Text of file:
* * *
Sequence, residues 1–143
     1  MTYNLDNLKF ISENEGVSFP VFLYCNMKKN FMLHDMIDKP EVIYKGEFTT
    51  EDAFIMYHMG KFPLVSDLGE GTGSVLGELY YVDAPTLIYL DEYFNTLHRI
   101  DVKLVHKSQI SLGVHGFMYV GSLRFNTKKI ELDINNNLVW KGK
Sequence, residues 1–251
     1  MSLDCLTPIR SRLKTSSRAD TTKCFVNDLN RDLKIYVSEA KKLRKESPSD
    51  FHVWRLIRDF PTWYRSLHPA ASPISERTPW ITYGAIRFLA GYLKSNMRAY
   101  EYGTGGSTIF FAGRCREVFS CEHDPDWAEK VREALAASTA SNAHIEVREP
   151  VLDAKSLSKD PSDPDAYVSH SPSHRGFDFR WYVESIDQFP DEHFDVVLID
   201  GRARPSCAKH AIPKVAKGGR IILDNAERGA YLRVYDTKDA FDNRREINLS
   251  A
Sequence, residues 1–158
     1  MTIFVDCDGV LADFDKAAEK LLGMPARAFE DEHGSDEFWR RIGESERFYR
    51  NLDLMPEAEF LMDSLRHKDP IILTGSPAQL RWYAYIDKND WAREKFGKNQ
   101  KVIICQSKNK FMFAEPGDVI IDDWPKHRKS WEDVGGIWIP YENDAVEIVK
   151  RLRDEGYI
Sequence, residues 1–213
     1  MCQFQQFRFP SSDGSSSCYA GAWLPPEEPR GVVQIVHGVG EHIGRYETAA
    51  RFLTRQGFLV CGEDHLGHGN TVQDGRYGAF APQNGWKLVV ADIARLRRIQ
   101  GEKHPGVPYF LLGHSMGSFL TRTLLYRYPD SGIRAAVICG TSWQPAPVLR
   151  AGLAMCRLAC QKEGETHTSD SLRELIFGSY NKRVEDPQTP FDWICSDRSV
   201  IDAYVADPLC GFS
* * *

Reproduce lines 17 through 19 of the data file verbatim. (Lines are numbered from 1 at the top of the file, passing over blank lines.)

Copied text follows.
Sequence, residues 1–213
     1  MCQFQQFRFP SSDGSSSCYA GAWLPPEEPR GVVQIVHGVG EHIGRYETAA
    51  RFLTRQGFLV CGEDHLGHGN TVQDGRYGAF APQNGWKLVV ADIARLRRIQ